Brett Skinner | CHP | 1 May 2020
While the country is focused on the COVID-19 pandemic, Canada’s federal government is quietly introducing new drug price controls that threaten to cause shortages of innovative medicines for Canadians.
Since 1987, the prices of newly developed drugs have been regulated by the Patented Medicine Prices Review Board (PMPRB). The Patent Act gives the Board power to control the prices of patented drugs according to its own guidelines. S. 83 (1) states that if a patented medicine is being sold at a price that, “in the Board’s opinion” is too high, the Board may order the price to be reduced “to such level as the Board considers not to be excessive.”
In July, the Board will launch an unprecedented experiment with price controls that are more complex and extreme than any other regulatory regime in the world. The draft guidelines published by the PMPRB include changes to the countries used for international price references. The Board is also introducing controversial pharmaco-economic factors to set drug prices. In addition, the Board will regulate not just manufacturers list prices, but also the net prices that are normally determined through rebate negotiations between manufacturers and public drug plans or private insurers.
The PMPRB estimated that the combined changes would reduce the prices of new medicines by more than half. Research conducted by Nigel Rawson and published by the Canadian Health Policy Institute (CHPI) has shown that the changes will reduce the maximum list prices for innovative medicines by as much as 84 percent from current levels.
Pharmaceutical manufacturers warn that such arbitrary and severe price cuts will discourage companies from launching new drugs in Canada and will thereby reduce the availability of important new therapies. The Board disagrees. In February, PMPRB Executive Director Doug Clark told Reuters there is no evidence that regulating drastically lower prices will reduce access to new drugs.
However, a 2019 study by Kanavos and colleagues at the London School of Economics and published in the European Journal of Health Economics showed that manufacturers delay launching products in countries with highly regulated prices. This led to reduced availability of medicines in those countries.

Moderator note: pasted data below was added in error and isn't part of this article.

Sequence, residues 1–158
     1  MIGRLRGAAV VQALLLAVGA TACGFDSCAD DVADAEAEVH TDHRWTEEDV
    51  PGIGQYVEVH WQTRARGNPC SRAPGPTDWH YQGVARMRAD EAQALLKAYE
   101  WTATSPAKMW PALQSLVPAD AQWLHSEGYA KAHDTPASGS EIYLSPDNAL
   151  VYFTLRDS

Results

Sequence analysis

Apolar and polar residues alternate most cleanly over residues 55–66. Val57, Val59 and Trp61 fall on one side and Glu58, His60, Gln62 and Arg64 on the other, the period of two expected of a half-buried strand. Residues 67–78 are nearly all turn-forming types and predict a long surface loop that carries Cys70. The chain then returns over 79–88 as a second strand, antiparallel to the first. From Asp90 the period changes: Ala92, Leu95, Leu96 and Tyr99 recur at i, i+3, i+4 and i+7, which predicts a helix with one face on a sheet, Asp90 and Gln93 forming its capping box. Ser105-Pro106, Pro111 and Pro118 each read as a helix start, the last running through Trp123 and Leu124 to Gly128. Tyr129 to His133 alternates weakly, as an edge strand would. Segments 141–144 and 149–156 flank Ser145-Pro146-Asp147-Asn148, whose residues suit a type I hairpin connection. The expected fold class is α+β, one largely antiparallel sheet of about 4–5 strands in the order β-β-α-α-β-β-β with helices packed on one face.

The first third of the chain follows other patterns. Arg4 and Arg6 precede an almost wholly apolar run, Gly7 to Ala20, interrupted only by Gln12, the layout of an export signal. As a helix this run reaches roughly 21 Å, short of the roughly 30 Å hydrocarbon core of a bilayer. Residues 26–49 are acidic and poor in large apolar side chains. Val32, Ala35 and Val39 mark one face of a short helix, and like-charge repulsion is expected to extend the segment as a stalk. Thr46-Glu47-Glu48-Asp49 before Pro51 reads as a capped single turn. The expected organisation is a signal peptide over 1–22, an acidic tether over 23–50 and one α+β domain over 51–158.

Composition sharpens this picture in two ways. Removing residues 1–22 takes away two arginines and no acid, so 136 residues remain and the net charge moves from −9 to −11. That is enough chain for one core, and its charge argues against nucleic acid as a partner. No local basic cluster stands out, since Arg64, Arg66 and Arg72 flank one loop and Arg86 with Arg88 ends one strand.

Earlier research by Danzon and colleagues at the University of Pennsylvania and published in the journal Health Economics in 2004, analyzed the effect of price on the launch of new drugs in 25 countries. The study found that manufacturers delay launching in countries where regulation reduces prices below levels expected from local market characteristics.
In 2018 CHPI published a study I conducted using data from the PMPRB and the OECD to see if the number of new drug launches was affected by the market price level, controlling for differences in per capita GDP and population across 31 countries. Market price level was the only variable that was a statistically significant predictor of the number of new drug launches.
The pending regulations may already be discouraging pharmaceutical companies from launching new therapies in Canada. In a 2020 study published by CHPI, Rawson examined changes in the availability of new drugs since the PMPRB first announced its intention to revise the guidelines in 2016. The percentage of new drugs available in Canada within a year after becoming available in the United States decreased from 55 percent in 2016 to less than 16 percent in 2019. The results suggest that the pharmaceutical industry has taken note of the impending changes and begun to delay launching new medicines in Canada.
The government reiterated its commitment to “making evidence-based decisions” in Health Canada’s 2019-20 departmental plan. Yet the PMPRB has ignored evidence that contradicts its price control agenda. By allowing this regulation to come into effect, the government is making a huge mistake that will have significant consequences. It will discourage pharmaceutical companies from launching drugs in Canada. Canadian patients will wait years to access the same new medicines that are immediately available to Americans.